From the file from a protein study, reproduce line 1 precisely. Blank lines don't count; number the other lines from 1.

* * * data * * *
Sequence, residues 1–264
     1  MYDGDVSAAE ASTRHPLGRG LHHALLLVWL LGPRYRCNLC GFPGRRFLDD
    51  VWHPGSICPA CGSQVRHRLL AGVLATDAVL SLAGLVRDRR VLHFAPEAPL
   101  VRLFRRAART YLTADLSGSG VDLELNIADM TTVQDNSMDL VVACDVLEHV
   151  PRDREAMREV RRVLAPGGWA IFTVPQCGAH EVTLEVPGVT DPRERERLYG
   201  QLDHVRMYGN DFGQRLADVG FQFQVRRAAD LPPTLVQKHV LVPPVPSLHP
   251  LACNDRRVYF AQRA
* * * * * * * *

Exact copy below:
Sequence, residues 1–264